fish,” one might say. My guiding buddy Brian “Bro” Brosdahl
sees things differently. “I look for the least contours on a lake map,”
says the Frabill fishing pro. “Having structure nearby is a bonus, but
not a prerequisite.”
Bro really likes large flats on the warmer, north end of the lake, where cold
spring winds are fought back and the sun strikes the longest. Build in some
walleye spawning structure and the campers will be even happier.
“Can’t beat the pea gravel to golf ball sized rocks. Perfect spawning
habitat. And a great place to rest and feed after breeding,” says Bro.
The short shank of the Fire-Ball Jig marries minnow and lure to vastly improve your hook-setting percentages.
The compact presentation is ideal for light biting spring walleyes. Photo courtesy
of Northland Fishing Tackle (www.northlandtackle.com).
Scattered rock is welcome as well. Essentially, you’re looking for fat
shoreline flats with hard and irregular bottoms; gravel here, sand there, rocks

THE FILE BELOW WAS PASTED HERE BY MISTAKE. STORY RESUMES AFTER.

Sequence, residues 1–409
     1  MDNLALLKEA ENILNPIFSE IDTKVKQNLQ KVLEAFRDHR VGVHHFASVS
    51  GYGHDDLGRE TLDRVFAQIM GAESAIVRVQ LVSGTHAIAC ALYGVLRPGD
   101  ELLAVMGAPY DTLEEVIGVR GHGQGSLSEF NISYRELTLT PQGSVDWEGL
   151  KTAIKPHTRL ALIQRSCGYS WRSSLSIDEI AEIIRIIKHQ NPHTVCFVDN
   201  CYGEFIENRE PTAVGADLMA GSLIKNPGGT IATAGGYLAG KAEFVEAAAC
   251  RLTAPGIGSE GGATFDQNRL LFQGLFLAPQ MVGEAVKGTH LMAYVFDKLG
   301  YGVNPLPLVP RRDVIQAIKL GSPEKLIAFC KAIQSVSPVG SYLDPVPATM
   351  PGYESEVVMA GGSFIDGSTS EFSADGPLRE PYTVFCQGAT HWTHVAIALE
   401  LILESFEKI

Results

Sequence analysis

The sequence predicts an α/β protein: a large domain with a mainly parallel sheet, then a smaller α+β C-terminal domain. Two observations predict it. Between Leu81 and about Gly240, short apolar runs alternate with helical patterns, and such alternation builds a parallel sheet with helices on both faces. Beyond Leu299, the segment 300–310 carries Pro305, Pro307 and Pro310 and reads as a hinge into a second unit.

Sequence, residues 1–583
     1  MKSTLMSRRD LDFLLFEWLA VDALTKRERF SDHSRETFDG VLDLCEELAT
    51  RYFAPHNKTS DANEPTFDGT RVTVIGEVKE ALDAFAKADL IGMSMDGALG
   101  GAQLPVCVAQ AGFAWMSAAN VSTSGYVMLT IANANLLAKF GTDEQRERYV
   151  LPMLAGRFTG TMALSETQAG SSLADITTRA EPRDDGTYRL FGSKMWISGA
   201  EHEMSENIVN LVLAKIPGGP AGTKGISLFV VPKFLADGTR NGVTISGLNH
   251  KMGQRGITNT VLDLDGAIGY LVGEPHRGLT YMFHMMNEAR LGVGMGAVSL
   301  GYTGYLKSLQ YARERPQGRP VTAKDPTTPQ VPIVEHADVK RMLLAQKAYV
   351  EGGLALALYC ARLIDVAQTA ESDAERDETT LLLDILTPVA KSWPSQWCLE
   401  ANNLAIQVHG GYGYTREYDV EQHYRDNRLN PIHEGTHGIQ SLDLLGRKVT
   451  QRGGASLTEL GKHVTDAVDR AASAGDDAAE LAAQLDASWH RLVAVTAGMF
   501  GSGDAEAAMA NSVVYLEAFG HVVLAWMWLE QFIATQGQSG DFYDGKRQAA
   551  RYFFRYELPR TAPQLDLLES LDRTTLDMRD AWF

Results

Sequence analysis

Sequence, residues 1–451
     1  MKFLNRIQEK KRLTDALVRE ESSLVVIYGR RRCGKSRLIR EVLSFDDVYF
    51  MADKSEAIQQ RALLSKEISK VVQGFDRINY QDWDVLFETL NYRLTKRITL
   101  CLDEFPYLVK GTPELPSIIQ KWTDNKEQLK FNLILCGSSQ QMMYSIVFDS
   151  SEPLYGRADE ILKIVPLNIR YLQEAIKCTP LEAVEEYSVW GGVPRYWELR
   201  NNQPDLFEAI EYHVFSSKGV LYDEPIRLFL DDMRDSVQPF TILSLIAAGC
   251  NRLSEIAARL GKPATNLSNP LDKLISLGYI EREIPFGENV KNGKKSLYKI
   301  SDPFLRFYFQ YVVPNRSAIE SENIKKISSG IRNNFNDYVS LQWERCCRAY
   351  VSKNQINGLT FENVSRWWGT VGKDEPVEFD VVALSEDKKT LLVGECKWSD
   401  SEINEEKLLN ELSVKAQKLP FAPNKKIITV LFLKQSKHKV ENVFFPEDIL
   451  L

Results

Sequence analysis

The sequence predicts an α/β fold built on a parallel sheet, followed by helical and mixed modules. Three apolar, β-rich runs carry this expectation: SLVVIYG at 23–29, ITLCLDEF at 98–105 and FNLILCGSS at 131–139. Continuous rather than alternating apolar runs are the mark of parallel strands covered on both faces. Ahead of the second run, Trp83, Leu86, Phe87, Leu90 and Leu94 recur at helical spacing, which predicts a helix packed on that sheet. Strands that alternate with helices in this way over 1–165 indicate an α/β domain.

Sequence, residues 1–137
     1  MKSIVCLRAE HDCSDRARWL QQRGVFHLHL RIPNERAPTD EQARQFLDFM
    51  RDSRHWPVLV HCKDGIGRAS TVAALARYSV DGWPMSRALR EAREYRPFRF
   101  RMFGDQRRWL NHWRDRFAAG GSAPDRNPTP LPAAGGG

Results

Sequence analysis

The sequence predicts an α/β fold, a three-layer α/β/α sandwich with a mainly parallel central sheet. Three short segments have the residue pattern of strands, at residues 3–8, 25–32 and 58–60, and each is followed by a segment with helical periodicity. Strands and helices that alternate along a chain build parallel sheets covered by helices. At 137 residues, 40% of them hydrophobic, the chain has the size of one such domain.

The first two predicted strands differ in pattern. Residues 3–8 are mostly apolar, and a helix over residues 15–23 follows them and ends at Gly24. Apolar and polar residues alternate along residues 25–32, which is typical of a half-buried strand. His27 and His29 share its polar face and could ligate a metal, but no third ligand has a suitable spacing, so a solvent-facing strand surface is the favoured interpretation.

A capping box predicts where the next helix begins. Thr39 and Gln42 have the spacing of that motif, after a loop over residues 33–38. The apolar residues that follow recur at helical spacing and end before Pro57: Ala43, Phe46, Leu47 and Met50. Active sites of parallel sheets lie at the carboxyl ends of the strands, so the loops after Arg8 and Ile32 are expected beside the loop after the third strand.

in between. Even though fish are working mostly flat surfaces, instinct still
guides them towards available structure and edges.
Certain shoreline points also fall into this category. Not the sharp tipped
point with cascading sides; maybe later this summer, but not now. You want a
point that’s more of a swollen section of the bottom. Compare your thumb
to a kids’ pinky finger. You want the point to look like your thumb, flatter
Bro further qualifies the perfect point. “My favorites will open into
the main lake from a bay. Again, bigger, longer and flatter points are best.
It’s typical for the attached bay to contain darker, warmer, and shallower
water. The bay’s water conditions mix with the main lake, creating improved
conditions for spring walleyes.”
Super stealthy spot: There’s a phenomenon that occurs on large sandy
lakes. Wave after wave crashing against a shoreline can dig out a little trench.
The back-churning water actually relocates the sand. The change in depth doesn’t
need to be dramatic, either. I’ve found walleyes in a six foot deep trough
with four foot edges.
The Soft Sell